Collecion as collector
jgetino at telefonica.net
Fri Apr 19 02:55:29 PDT 2013
Brian, thanks for your comments and your time.
It's clear that the collector generated by the framework is safe por
parallel proccesing and it should be the first choice when there is no a
But on the other hand I feel that overprotecting the programmer from himself
can cause tensions in the framework that makes the API less fluent.
For this case in particular:
- I think it should be the programmer's resposability to use a concurrent
collection if he wants to collect a parallel stream.
I already have to do it in many places of my code that has nothing to do
with streams. At the very moment I get a
ConcurrentModificationException I know where the problem is.
- All the limitations imposed to the API to prevent a buggy recollection of
the elments of the stream would fail in their objetive if the user writes
very simple code:
I want to note that I have nothing against the Collector interface, at
contrary, once undertod the concept I find it is a fundamental abstraction,
at the same level of Iterable.
Now, in my mental representation of a Collection, I see an Iterable to get
elements form it and a Collector to put them inside.
De: Brian Goetz [mailto:brian.goetz at oracle.com]
Enviado el: jueves, 18 de abril de 2013 23:29
CC: lambda-dev at openjdk.java.net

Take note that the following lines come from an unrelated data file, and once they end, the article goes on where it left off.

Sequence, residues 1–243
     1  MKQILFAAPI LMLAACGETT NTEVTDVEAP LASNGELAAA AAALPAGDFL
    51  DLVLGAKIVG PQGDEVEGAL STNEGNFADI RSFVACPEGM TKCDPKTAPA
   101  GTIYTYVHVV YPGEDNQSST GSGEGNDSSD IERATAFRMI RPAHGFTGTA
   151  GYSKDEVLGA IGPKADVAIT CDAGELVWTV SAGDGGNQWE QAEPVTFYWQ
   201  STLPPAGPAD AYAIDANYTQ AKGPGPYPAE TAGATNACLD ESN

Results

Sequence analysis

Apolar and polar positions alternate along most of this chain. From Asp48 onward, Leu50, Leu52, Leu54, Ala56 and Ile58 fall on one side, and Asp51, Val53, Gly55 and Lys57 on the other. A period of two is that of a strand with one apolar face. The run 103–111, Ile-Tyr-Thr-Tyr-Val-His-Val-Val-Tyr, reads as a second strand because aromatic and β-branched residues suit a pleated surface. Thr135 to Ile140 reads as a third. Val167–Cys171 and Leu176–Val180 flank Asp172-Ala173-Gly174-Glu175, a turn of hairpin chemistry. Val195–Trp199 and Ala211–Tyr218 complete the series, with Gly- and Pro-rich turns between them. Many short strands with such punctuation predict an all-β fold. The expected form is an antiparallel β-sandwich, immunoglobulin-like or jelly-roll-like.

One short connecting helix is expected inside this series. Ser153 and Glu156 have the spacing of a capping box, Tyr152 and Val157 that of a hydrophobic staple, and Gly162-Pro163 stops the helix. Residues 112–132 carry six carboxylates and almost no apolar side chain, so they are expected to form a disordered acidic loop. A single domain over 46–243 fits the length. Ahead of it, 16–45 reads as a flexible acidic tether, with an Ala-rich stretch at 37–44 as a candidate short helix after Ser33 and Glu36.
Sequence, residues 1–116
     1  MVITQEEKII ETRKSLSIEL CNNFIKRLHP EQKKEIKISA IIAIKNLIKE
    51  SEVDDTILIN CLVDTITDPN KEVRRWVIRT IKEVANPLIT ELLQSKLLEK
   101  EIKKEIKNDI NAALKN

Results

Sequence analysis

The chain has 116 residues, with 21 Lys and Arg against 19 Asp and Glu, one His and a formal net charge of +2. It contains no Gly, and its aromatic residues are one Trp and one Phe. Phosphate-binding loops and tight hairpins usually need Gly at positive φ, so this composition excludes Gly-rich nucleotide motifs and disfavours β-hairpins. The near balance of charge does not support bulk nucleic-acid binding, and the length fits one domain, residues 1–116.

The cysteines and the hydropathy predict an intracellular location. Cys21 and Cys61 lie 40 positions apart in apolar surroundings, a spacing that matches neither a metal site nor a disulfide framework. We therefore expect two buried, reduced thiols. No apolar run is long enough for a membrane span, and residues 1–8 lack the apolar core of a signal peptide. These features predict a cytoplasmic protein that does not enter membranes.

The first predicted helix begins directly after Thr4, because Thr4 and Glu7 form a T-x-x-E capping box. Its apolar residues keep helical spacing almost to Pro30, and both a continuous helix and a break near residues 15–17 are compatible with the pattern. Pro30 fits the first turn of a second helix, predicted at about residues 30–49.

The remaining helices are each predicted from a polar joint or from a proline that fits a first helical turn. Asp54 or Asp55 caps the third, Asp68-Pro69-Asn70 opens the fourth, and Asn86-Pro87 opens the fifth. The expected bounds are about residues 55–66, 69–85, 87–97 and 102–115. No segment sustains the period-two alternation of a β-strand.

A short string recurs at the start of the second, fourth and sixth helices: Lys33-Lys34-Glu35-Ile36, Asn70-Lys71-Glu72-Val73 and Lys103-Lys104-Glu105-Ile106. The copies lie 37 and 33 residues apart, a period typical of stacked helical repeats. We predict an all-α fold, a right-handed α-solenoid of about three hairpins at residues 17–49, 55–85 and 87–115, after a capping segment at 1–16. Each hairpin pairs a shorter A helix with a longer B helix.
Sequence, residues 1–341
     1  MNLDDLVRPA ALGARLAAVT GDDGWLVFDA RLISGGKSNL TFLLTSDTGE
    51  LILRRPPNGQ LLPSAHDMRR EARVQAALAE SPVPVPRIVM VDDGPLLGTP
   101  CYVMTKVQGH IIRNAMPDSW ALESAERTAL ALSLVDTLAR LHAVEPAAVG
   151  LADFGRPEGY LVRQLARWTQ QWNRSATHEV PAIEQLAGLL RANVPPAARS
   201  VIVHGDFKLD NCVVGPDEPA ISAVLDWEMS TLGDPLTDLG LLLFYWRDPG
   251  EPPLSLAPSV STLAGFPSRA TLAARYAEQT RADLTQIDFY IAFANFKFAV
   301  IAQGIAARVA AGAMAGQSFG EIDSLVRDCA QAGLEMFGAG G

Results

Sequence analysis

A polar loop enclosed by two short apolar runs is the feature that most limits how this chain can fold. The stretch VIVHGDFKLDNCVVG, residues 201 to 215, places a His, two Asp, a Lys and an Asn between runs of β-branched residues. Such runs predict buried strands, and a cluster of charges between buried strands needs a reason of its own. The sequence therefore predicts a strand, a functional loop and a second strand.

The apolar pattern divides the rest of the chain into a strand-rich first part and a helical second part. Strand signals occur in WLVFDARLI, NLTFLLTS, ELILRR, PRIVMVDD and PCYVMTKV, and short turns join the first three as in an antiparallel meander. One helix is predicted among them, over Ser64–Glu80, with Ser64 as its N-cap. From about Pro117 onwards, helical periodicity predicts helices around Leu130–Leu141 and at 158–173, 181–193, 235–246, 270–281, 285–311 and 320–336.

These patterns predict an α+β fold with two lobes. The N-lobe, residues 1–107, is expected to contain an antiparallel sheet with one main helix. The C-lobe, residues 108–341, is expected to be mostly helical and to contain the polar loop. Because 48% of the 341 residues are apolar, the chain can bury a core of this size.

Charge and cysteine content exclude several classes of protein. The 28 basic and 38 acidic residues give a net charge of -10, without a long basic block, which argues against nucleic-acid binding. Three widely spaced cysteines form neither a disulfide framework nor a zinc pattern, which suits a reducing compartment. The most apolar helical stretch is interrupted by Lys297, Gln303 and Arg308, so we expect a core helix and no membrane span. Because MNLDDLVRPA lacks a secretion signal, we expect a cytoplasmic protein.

Asunto: Re: Collecion as collector
We started here (with into(collection)) and discovered that approach had
To name one, there's no way to make it parallel without guessing at the
thread-safety of the target.
A Collector embodies information as to how to *create* a target collection.
In a parallel reduction, it may in fact create multiple smaller collections,
and then merges them into one, which can be done safely even if the
collections are not thread-safe (due to serial
thread-confinement.) This would be a sequential-only idiom, and we've
worked very hard to make all the operations on streams work well either
sequentially or parallel.
On 4/18/2013 5:07 PM, Jose wrote:
> I'm wonder why the Collection interface don't extend Collector using
> default methods. Al least a collection is the most obvious Collector
> you can imagine.
> This would allow adding elements to an existing collection using a
> straightforward idiom:
> Collection myCollection=..
> I have done this in custom classes that wrap a Collection and I feel
> it makes code more readable.
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